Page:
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Do Insurance Industries Lag Behind The E Commerce?

3094 words - 13 pages

Overview:Shadow Insurance Regulation Committee (2000) mentioned that Electronic commerce is quickly emerging as a particularly visible and spectacular incarnation of globalization. The rapid expansion of electronic transactions constitutes an unprecedented opportunity for trade and development. The growing importance of Electronic Commerce (E-Commerce) represents a watershed event for insurance markets and institutions, as it does for most industries.The E-Commerce revolution:Shadow Insurance Regulation Committee (2000) pointed out that:qThe rethinking of the relationship between insurers and clients on how to take advantage of the internet to offer tailor made products at low administration ...view middle of the document...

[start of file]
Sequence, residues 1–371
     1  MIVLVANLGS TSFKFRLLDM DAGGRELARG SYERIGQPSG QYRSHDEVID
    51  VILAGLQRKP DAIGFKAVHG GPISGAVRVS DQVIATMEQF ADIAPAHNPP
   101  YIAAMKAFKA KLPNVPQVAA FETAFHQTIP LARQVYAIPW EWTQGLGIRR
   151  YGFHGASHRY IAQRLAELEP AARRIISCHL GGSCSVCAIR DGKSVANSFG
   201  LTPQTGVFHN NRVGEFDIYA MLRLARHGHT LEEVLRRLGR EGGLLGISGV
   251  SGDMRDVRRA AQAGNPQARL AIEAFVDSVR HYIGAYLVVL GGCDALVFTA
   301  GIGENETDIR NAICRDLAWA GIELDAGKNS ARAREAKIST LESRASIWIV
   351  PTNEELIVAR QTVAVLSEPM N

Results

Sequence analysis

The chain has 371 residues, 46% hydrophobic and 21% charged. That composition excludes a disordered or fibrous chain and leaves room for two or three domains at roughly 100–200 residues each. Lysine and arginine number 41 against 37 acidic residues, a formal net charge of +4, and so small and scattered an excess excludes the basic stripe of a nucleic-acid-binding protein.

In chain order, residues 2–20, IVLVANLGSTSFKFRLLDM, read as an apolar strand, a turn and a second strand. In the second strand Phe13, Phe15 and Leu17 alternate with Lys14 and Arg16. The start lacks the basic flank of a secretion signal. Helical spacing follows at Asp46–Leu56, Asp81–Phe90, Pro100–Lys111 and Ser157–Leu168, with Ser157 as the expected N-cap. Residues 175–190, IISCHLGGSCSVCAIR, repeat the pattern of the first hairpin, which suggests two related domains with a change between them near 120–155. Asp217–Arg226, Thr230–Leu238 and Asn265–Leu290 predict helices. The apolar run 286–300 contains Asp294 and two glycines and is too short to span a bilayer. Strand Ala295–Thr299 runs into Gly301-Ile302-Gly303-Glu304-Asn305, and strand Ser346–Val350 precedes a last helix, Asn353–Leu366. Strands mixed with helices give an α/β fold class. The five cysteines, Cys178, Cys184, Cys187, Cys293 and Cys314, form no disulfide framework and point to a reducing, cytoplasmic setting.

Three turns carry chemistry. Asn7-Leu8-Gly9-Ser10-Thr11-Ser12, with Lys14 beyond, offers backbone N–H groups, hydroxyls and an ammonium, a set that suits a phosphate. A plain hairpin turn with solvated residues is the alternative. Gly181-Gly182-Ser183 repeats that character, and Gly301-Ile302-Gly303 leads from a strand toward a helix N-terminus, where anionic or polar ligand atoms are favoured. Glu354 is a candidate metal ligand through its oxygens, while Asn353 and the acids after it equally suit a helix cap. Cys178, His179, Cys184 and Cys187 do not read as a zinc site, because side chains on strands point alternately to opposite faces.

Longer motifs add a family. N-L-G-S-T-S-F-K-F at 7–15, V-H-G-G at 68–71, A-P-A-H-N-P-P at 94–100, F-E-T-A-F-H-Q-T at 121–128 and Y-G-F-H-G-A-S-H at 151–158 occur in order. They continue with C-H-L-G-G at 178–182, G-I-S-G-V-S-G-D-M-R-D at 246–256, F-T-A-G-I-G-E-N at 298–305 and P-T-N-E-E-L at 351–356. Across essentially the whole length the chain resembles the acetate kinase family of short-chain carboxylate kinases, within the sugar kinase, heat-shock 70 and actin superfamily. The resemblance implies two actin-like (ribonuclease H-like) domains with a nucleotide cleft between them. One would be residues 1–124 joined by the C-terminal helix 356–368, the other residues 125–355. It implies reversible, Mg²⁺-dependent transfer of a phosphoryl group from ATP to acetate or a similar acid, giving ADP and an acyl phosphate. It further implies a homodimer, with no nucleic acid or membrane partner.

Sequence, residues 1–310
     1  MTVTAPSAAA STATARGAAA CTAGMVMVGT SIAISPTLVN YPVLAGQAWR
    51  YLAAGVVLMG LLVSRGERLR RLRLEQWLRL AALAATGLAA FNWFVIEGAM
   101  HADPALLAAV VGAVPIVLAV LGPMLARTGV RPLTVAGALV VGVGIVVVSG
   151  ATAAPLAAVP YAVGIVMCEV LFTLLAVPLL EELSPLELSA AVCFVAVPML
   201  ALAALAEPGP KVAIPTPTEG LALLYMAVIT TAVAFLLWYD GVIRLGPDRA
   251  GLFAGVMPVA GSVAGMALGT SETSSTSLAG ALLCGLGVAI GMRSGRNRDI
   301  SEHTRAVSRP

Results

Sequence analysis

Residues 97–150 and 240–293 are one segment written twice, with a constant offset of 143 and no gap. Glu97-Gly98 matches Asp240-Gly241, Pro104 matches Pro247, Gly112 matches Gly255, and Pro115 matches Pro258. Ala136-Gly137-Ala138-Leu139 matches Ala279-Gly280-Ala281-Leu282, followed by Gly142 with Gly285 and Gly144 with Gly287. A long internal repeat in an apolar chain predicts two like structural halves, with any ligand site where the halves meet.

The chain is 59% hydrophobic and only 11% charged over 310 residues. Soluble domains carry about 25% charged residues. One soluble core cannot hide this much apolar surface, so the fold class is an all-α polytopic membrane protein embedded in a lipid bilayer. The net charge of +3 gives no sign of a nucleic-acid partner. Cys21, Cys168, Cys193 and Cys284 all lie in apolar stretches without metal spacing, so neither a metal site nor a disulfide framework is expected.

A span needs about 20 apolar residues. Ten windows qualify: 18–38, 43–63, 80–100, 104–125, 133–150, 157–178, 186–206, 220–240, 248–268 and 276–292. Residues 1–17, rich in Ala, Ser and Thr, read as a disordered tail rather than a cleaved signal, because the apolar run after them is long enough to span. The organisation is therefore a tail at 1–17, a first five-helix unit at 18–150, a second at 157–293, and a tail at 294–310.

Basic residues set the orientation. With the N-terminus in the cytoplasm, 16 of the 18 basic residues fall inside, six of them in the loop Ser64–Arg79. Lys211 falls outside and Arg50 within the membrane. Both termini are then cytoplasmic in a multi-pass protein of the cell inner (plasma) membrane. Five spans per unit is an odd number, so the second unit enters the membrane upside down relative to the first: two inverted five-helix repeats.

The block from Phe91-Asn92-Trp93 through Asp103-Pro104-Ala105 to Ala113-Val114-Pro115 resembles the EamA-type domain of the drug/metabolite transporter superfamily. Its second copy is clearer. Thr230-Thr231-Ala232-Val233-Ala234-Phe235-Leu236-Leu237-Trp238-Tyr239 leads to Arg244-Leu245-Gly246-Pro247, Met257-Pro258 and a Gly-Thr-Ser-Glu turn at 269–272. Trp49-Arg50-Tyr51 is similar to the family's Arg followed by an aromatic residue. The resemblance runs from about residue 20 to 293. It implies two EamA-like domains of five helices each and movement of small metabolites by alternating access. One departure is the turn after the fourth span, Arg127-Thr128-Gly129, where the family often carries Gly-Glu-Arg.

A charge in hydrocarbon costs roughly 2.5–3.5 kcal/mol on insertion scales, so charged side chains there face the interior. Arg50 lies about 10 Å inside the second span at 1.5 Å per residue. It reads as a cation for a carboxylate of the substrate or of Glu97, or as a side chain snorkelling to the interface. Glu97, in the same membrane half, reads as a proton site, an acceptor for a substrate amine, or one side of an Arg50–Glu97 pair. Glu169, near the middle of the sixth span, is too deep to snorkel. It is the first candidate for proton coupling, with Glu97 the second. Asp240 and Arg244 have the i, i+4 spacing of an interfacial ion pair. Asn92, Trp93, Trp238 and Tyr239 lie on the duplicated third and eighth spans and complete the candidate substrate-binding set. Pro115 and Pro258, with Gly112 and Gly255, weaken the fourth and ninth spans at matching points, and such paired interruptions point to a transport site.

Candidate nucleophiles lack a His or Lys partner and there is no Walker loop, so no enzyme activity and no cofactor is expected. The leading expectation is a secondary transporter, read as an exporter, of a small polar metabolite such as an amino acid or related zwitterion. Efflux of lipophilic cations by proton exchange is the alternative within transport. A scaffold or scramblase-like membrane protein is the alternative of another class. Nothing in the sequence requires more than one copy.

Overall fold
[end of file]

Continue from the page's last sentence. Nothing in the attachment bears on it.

McAdam (1998) noted that the insurance industry is highly information-intensive. Insurance providers rely on large quantities of data and information to identify, assess, and price risk in the marketplace. The back-office operations of insurance companies are almost all computerized and operate on an electronic commerce basis. Accounting, financing, investment management, funds transfers, underwriting actuarial work, product development, and claims support are done electronically. In addition, the vast majority of transactions between insurers, other insurers, agents and brokers, reinsurers, banks and other financial institutions, are carried out by electronic means.Is Insurance industry adequately utilizing e Commerce?According to McAdam (1998), for years there have been in place industry standards for electronic interchange that govern back office data use and the exchange of data between players in the market. Standards networks such as IVANS (domestic property/ casualty insurance) and RINET (global reinsurance) have been in place for more than 10 years. These standards complement electronic funds transfer networks that banks have had in place even longer.The insurance industry is gradually using electronic means more to market and distribute their retail products to customers, either directly by insurers or through agents. The Internet is the most obvious example, although insurance sales are still in their infancy. One study puts 1997 premium sales of personal auto, homeowners, and life insurance on the Internet at about $200 million, or 0.1 percent of industry premiums. This is projected to grow to $6.3 billion, or 1.6 percent of industry premiums by 2006. Another study estimates that Internet sales for personal auto and homeowners insurance totals only 2 percent of the U.S. market in the year 2000. Experts agree that the insurance industry is lagging behind banks and other financial institutions in exploiting the Internet's capabilities. (Ibid)Also, compared with their competitors, insurers are well behind the intranet curve. A recent study reveals that insurance companies have the lowest intranet usage of any major U.S. industry, with only 10 percent of companies using intranets, compared to 33 percent for all U.S. business. In addition, some large competitors that are entering the insurance business have a big head start in deploying web technologies. Reasons given for the insurance industry lagging behind include top executives who are "technically challenged" and afraid of new technology, complacency, and heavy industry regulation. (Ibid)How Insurance sector can be benefited by E-Commerce:McAdam (1998) claimed that there are factors that would seem to make both the Internet and intranets a natural for insurers; notoriously high administration costs; national and international consolidation; and legions of widely scattered agents and brokers. Even more important is the gathering invasion of banks, brokerages, and other financial...

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